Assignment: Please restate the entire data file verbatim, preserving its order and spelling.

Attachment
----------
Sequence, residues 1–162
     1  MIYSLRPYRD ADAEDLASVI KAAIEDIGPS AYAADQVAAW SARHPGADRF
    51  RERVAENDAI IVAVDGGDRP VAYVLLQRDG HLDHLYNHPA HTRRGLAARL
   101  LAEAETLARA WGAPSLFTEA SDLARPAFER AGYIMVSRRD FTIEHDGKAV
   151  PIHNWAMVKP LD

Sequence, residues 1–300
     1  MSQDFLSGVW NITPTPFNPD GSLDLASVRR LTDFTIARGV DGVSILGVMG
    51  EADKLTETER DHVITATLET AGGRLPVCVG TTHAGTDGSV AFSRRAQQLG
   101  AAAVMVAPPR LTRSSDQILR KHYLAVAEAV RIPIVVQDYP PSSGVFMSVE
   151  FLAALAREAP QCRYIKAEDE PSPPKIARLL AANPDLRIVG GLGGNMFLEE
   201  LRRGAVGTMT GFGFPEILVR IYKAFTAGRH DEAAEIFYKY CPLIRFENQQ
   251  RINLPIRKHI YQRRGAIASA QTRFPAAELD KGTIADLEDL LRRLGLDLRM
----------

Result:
Sequence, residues 1–162
     1  MIYSLRPYRD ADAEDLASVI KAAIEDIGPS AYAADQVAAW SARHPGADRF
    51  RERVAENDAI IVAVDGGDRP VAYVLLQRDG HLDHLYNHPA HTRRGLAARL
   101  LAEAETLARA WGAPSLFTEA SDLARPAFER AGYIMVSRRD FTIEHDGKAV
   151  PIHNWAMVKP LD

Sequence, residues 1–300
     1  MSQDFLSGVW NITPTPFNPD GSLDLASVRR LTDFTIARGV DGVSILGVMG
    51  EADKLTETER DHVITATLET AGGRLPVCVG TTHAGTDGSV AFSRRAQQLG
   101  AAAVMVAPPR LTRSSDQILR KHYLAVAEAV RIPIVVQDYP PSSGVFMSVE
   151  FLAALAREAP QCRYIKAEDE PSPPKIARLL AANPDLRIVG GLGGNMFLEE
   201  LRRGAVGTMT GFGFPEILVR IYKAFTAGRH DEAAEIFYKY CPLIRFENQQ
   251  RINLPIRKHI YQRRGAIASA QTRFPAAELD KGTIADLEDL LRRLGLDLRM